Jens Lekman revels in artless pop sophistication.

Heart on a Record Sleeve 

Jens Lekman revels in artless pop sophistication.

When Swedish pop star Jens Lekman recently played Intonation in Chicago, he set up a blind date for himself.

Realizing that his guest list for the 38-band bill "looked sad and empty," Lekman posted a contest on his Web site to find a rhythm sample — and some company.

"The most creative beatmaster would receive free tickets to both days of music and the VIP pre-party, essentially becoming Lekman's guest to the two-day blowout," he promised on his Web site.

What might have been a marketing gimmick for other acts was, for 25-year-old Lekman (a chart topper in his native Sweden who remains unfamiliar to many American indie-pop fans), another manifestation of his playful naiveté. (Lekman also manages his own MySpace portfolio of 6,151 friends and personally answers almost every e-mail.)

Last fall, burdened by the increased pressures of a trans-Atlantic career and at-home celebrity, Lekman announced that he was quitting music, selling his gear, entering a songwriting hiatus and picking up a day job. He did it, too, deleting 200 unreleased songs from his computer and wearing a uniform at a bingo hall.

"I tried working in a bingo hall for a few days, but before the week had ended, I just walked out in the middle of my shift, didn't even tell my boss. I just never went back," Lekman explains in an e-mail from his Swedish home. "Singing is all I really know. I don't have a proper education. I don't even have a driver's license."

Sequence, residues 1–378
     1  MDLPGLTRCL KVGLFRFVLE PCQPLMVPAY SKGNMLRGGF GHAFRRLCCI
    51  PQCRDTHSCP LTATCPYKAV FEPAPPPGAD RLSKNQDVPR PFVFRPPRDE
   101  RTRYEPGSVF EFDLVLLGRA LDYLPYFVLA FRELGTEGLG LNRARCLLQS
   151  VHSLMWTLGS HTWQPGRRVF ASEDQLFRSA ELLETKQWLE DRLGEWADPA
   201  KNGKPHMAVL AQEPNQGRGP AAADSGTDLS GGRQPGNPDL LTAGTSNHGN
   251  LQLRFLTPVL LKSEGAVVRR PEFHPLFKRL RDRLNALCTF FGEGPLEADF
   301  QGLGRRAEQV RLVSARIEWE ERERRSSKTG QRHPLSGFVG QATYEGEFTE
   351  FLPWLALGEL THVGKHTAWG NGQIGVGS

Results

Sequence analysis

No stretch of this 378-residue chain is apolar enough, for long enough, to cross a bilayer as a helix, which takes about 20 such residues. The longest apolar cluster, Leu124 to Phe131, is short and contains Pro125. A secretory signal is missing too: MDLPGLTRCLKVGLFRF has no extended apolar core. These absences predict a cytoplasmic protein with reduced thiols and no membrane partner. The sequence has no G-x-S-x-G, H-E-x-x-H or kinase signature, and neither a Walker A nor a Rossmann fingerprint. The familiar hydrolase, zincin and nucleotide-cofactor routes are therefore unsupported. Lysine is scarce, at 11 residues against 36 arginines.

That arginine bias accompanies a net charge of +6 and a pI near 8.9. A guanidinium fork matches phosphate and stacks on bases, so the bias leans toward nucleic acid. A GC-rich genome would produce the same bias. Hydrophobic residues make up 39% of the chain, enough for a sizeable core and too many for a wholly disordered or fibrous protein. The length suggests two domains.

Lekman returned to the stage on New Year's Eve and continues to tour, slowly working on regaining his momentum while trying to redefine himself as a musician. A string of Japanese shows in March finally convinced him that he loved his job, setting the stage for a return to the prolific songwriting he has indulged since he was 5.

But Lekman isn't some enigmatic cult figure returning from brief retirement in a European basement. The brilliant flip side of his impulsive nature is his uncomfortably honest songwriting. He gilds his ebullient pop songs with arrangements stuffed full of horns, glockenspiels and samples by his favorite bands (including Arab Strap and Television Personalities). He balances the guileless bounce of these numbers with understated ballads on piano and acoustic guitar.

Lekman is aware of his bipolar songwriting. He quips, "It is a disability. I am comically retarded, which means when I tell you about what hurts inside of me, you will laugh. And when I try to tell a funny story, you will cry.

"I always write very straight about things that happen," he continues. "I do sometimes change details in my songs, as I do in my personal life. I might tell you I like my fries with ketchup and mayo. That would be a lie. But if I told you I love you, that would be the ugly truth." <

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